Fresh sweet plums and butter streusel make this easy traditional German cake perfect for your next work potluck, family dinner or afternoon snack! 


  • 1/2 cup Greek yogurt (or quark)
  • 3 tbsp milk
  • 3 tbsp sugar
  • 3 tbsp canola oil
  • 1 tsp vanilla extract
  • 1 1/2 cups flour
  • 1 1/4 tsp baking powder
  • pinch of salt
  • 2-3 lbs fresh plums
  • 1-2 tbsp cream of wheat
  • 3/4 cup flour
  • 3/4 cup sugar
  • 1 tsp cinnamon
  • 6 tbsp cold butter (diced)


Pre-heat oven to 350F.

  1. To make the dough, mix yogurt (or quark), milk, sugar, oil, vanilla extract, flour, salt, and baking powder in a large bowl. 
  2. Once dough forms a ball, turn onto a floured surface and knead a couple times until dough becomes smooth. Be careful, though, not to add too much flour or overwork the dough (if you do it may come out tough).
  3. Press dough into prepared jelly roll pan (14.5 x 10 inches). Sprinkle the cream of wheat over the dough. 
  4. Cut plums in half and then each half into 3 or 4 slices. Arrange slices on the dough so they overlap slightly (skin side should be touching the dough).  
  5. To make the streusel topping, mix the flour, sugar and cinnamon together. Then rub the butter into the flour mixture. Sprinkle the streusel topping over the plums. 
  6. Bake for 30-40 minutes or until crust and streusel are lightly browned. 
  7. Let cool and serve with fresh whipped cream or a big scoop of vanilla ice cream.


Based on this recipe and this recipe

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  • Reply
    December 18, 2018 at 11:11 am

    plum cakes are the main part of Christmas …and having this blog in this month is very useful thank you

    • Reply
      December 24, 2018 at 9:35 pm

      I hope you enjoy this German plum cake!

  • Reply
    Jean Ingram
    March 4, 2019 at 8:37 pm

    How to use this recipe for high altitude?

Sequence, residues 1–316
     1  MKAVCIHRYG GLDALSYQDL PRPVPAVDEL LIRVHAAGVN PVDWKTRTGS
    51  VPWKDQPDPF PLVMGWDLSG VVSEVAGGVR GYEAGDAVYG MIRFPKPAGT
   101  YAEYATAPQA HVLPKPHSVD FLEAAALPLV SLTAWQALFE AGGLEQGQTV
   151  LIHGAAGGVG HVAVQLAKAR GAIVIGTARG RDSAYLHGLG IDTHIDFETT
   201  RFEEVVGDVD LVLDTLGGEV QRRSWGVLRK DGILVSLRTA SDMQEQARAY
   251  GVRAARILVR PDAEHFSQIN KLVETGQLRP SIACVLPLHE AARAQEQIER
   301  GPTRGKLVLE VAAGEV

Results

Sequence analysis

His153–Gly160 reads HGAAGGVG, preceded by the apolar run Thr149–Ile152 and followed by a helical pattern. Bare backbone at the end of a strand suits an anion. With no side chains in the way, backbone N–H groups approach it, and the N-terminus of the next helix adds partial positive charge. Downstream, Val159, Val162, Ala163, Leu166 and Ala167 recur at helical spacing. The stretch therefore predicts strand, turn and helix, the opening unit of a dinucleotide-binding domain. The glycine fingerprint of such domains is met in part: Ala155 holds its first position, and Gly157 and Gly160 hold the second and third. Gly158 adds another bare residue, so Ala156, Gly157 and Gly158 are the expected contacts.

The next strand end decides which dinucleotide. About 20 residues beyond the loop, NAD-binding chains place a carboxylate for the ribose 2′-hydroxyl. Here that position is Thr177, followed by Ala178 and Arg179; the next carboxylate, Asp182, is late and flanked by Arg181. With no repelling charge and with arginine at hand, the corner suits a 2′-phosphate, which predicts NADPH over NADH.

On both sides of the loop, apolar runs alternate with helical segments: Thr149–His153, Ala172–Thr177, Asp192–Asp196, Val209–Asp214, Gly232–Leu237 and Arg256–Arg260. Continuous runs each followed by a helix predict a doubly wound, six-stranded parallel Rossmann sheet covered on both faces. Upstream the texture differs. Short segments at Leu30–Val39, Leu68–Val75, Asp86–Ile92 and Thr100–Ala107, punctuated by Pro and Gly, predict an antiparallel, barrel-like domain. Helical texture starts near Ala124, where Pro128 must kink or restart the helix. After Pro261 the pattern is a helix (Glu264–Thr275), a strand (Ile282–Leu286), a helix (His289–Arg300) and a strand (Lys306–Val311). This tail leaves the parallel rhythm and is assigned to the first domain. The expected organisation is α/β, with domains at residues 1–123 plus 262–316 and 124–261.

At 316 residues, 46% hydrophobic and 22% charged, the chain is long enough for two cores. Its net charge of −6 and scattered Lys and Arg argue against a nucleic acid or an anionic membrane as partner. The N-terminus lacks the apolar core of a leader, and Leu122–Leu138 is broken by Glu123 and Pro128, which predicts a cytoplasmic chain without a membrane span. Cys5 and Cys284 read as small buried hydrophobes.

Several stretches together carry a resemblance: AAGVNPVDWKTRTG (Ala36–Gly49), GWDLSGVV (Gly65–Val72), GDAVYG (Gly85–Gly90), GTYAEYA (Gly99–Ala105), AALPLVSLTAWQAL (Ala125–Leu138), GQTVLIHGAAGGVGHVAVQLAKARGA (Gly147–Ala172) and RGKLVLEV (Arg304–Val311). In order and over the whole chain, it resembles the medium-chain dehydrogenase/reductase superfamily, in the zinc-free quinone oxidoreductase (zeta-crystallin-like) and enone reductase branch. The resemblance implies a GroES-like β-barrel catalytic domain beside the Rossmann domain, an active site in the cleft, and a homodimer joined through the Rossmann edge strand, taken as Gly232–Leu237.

• Reply
      March 5, 2019 at 4:37 pm

      Good question! I’ve almost always lived at sea level so I had to look it up. 🙂 Here’s an article I found that gives lots of tips for baking at various altitudes (since I don’t know the specific altitude you’re at) – http://dish.allrecipes.com/high-altitude-cake-baking/ For this type of cake, I’d follow these tips (to avoid a dry cake when baking at high altitude):

      – Don’t overbeat the eggs. Overbeating adds too much air to the cake.
      – Raise the baking temperature slightly; the faster cooking time will keep the recipe from rising too much. At elevations over 3,500 feet, the oven temperature for batters and doughs should be about 25 degrees F higher than the temperature used at sea level.
      – Decrease the amount of baking powder slightly; this also prevents the recipe from rising too much.

      Let me know how it turns out!

  • Reply
    August 22, 2019 at 5:38 pm

    I think there is an error in this recipe. 3/4 tbsp sugar for the streusel topping was not sufficient to sweeten this dessert. I used tree-ripened plums harvested at their peak sweetness and when baked this was just as sour as a plate of lemons. I wanted to follow the recipe exactly the first time, but if I ever make it again, the streusel topping needs 3/4 CUP of sugar instead of tablespoon.

    • Reply
      August 22, 2019 at 7:51 pm

      Oof, yes, that should be 3/4 cup sugar! Thanks for letting me know, I just fixed the typo. I hope you were able to sweeten up the cake with a sprinkle of sugar or topping it with sweetened whipped cream or vanilla ice cream!

  • Reply
    September 4, 2019 at 5:49 pm

    This sounds wonderful and it would be perfect for an event that I’m attending tomorrow. Can you suggest an alternative to Cream of Wheat? Perhaps all-purpose flour or cornstarch?

    • Reply
      September 4, 2019 at 5:56 pm

      If your plums are really, really juicy, you could sprinkle a little corn starch on them but if they’re not overly juicy, I’d just leave out the Cream of Wheat altogether. I hope you enjoy the cake!

      • Reply
        September 4, 2019 at 8:32 pm

        They’re not terribly juicy, so I’ll skip it. And I know everyone will love it! Thanks for your prompt reply.